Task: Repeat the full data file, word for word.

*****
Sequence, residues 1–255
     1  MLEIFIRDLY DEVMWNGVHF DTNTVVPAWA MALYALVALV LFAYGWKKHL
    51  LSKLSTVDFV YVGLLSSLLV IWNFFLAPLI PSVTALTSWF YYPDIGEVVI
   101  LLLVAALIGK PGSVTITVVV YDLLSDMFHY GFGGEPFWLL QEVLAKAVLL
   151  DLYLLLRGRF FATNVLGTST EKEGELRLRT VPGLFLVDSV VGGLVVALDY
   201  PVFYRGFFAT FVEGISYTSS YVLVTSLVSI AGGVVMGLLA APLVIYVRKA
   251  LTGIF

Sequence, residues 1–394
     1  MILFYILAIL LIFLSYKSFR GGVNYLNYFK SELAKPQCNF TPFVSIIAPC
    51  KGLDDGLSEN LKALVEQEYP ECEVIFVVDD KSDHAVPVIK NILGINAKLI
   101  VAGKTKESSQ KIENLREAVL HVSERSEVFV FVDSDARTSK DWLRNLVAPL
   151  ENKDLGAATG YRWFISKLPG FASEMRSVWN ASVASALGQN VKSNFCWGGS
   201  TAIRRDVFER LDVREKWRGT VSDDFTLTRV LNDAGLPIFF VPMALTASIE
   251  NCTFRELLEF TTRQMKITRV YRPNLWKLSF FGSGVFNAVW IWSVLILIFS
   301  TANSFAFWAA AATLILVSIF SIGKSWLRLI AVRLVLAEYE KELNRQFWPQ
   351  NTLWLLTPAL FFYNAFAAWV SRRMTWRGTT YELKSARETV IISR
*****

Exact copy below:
Sequence, residues 1–255
     1  MLEIFIRDLY DEVMWNGVHF DTNTVVPAWA MALYALVALV LFAYGWKKHL
    51  LSKLSTVDFV YVGLLSSLLV IWNFFLAPLI PSVTALTSWF YYPDIGEVVI
   101  LLLVAALIGK PGSVTITVVV YDLLSDMFHY GFGGEPFWLL QEVLAKAVLL
   151  DLYLLLRGRF FATNVLGTST EKEGELRLRT VPGLFLVDSV VGGLVVALDY
   201  PVFYRGFFAT FVEGISYTSS YVLVTSLVSI AGGVVMGLLA APLVIYVRKA
   251  LTGIF

Sequence, residues 1–394
     1  MILFYILAIL LIFLSYKSFR GGVNYLNYFK SELAKPQCNF TPFVSIIAPC
    51  KGLDDGLSEN LKALVEQEYP ECEVIFVVDD KSDHAVPVIK NILGINAKLI
   101  VAGKTKESSQ KIENLREAVL HVSERSEVFV FVDSDARTSK DWLRNLVAPL
   151  ENKDLGAATG YRWFISKLPG FASEMRSVWN ASVASALGQN VKSNFCWGGS
   201  TAIRRDVFER LDVREKWRGT VSDDFTLTRV LNDAGLPIFF VPMALTASIE
   251  NCTFRELLEF TTRQMKITRV YRPNLWKLSF FGSGVFNAVW IWSVLILIFS
   301  TANSFAFWAA AATLILVSIF SIGKSWLRLI AVRLVLAEYE KELNRQFWPQ
   351  NTLWLLTPAL FFYNAFAAWV SRRMTWRGTT YELKSARETV IISR